Tag Archives: hickory

Who left all these twigs in the woods? 2015 is the year of girdled hickory.

Coleopteran work crews are trimming the forest canopy. Their leavings are scattered all over the leaf litter, in a profusion that I’ve never seen. Next spring’s hickory trees will therefore cast less shade and we’ll see the beetles’ legacy in a patchwork of sunlight. Canopy openings will admit more sky into the understory, fattening citrine spring-light with blues and reds.

The arborists are Oncideres cingulata, hickory twig-girdlers. The beetles’ bodies are stubby, just a half inch long, and their colors match the chestnut-ash blotching of hickory twigs. In late summer and autumn adults feed on the delicate bark of hickory twigs, chewing the soft phloem tissues through which the tree transports its sugars. These twigs also serve as mating sites, all-you-can-eat-buffets doubling as dating clubs.

Twigs then serve as nurseries. Females lay eggs under the bark, sometimes peppering a single twig with a dozen or more piercings. Then, the mothers go to work with their sharp mandibles, gnawing a ring around the twig. They start at the bark then, lathe-like, they rotate until the twig breaks away, leaving a few torn wood strands at the center of a clean cut. It is these shed twigs that are strewn everywhere. Lately I’ve seen one hundred or more on a short woodland walk.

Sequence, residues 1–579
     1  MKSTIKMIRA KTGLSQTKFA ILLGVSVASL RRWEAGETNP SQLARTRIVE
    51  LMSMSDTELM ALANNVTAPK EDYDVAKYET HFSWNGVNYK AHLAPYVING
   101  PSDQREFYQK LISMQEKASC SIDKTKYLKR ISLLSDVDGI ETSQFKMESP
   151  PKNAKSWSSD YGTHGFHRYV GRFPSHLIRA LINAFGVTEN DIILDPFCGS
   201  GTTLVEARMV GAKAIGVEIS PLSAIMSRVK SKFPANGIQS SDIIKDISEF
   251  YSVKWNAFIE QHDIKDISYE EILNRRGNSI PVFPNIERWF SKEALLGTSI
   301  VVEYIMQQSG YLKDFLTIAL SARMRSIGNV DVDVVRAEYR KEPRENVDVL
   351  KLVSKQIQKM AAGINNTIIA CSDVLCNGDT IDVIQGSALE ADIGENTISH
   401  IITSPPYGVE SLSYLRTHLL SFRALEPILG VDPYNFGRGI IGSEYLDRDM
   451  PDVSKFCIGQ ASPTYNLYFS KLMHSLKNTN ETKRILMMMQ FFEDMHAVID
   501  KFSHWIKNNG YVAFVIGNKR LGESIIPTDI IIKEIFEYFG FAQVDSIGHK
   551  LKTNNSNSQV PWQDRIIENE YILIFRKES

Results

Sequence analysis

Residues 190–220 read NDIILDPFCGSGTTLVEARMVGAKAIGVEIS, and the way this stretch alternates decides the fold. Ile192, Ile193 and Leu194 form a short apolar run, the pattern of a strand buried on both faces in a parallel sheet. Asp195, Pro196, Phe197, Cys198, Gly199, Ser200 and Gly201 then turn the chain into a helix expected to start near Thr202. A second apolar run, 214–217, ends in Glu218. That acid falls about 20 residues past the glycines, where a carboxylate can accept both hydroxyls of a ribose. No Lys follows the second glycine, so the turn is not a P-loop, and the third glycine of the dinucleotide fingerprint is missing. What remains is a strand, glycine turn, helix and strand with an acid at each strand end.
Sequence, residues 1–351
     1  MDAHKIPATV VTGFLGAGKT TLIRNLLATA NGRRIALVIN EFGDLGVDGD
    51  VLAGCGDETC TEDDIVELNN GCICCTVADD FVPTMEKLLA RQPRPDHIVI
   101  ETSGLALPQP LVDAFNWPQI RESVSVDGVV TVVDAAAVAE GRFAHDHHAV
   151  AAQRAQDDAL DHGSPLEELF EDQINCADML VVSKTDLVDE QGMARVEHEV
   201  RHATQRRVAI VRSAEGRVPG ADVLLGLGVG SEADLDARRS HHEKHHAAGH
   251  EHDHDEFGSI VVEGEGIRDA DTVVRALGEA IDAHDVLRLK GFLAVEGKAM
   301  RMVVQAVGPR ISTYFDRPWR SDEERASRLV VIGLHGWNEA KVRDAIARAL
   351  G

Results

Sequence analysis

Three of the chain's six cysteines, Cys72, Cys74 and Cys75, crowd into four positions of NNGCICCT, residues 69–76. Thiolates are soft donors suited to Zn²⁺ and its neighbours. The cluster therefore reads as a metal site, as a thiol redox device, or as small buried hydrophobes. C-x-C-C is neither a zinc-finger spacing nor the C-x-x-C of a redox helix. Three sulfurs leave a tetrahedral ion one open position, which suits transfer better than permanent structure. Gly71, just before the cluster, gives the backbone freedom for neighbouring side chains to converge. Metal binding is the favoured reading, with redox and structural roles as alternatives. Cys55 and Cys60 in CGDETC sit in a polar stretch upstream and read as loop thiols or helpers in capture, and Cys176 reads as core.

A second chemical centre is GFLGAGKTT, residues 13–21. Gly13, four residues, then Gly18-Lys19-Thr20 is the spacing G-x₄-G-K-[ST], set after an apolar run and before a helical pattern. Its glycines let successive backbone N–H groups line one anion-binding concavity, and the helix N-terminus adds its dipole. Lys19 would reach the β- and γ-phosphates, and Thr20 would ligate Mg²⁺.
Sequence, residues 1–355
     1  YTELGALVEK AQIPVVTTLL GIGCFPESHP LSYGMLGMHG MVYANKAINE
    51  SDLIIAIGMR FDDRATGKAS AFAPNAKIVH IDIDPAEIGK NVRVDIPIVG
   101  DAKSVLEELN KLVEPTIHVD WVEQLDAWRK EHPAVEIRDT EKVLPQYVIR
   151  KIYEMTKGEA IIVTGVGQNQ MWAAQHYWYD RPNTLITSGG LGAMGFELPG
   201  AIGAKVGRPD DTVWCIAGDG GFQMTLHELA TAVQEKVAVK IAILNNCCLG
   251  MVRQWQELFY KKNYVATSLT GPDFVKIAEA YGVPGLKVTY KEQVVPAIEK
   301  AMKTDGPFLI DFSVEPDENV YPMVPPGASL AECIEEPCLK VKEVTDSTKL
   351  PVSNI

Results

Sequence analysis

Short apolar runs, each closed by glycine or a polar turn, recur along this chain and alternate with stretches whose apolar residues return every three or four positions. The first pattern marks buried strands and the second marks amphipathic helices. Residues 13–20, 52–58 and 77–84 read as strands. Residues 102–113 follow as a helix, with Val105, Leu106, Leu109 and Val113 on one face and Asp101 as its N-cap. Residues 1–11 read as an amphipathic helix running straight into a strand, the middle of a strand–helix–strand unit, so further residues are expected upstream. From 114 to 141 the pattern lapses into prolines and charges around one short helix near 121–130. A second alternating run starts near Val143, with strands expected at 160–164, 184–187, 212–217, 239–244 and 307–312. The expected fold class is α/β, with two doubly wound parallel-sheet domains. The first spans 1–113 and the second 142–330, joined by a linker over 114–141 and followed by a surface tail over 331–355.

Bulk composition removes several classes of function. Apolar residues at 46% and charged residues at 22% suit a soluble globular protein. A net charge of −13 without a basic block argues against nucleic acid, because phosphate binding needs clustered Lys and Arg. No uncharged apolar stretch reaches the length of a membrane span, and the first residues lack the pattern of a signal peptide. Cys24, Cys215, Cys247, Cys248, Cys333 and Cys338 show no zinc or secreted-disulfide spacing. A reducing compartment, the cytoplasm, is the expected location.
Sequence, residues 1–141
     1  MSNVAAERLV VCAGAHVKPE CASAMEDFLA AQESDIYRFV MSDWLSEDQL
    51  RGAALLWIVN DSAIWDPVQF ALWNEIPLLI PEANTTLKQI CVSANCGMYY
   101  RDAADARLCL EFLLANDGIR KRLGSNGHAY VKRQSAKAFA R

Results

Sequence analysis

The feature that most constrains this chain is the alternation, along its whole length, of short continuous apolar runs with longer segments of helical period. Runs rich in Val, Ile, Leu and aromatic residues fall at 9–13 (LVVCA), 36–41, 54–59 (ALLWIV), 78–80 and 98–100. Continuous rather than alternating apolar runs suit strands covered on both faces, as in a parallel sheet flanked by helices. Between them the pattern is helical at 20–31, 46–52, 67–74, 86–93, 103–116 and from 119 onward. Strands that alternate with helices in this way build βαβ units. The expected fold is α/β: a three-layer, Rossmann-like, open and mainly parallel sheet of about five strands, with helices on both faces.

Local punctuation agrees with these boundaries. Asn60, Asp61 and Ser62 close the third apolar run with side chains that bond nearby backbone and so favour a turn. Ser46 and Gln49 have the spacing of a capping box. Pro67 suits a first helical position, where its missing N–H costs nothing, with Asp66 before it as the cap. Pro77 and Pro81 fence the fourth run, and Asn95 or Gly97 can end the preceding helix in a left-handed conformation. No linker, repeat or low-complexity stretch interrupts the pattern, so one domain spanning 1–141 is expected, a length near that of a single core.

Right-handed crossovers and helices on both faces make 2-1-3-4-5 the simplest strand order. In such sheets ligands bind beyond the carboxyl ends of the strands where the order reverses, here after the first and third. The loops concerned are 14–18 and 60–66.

Eggs hatch in late autumn and the larvae set to work within the fallen twigs, using symbiotic fungi to turn inedible wood into a paste of yum. In spring, when the weather has warmed, the larvae expand their activities, riddling the wood with tunnels. Beetle runnelling? They stay under the bark, emerging only to expel sawdust. In summer, the full-grown larvae gnaw small chambers into the twig, then curl up and pupate. The adults that emerges fly to the treetops to start on fresh twigs. Why the majority of this species’ life cycle is spent on the ground, inside fallen twigs, rather than on unfelled twigs, is a mystery. Perhaps the girdling shuts down the flow of defensive chemicals from the trees’ branches. The ground is warmer, too, giving the larvae more work days. Or woodpeckers may be less likely to drill the youngsters from fallen twigs than from standing branches. Whatever the reason, the stem litter underfoot evinces the beetles’ success.


I’ll put a girdle around the twig / In forty minutes ~ Oncideres puck

Bark scars: eggs below.

Bark scars: eggs are nestled below, inside the wood.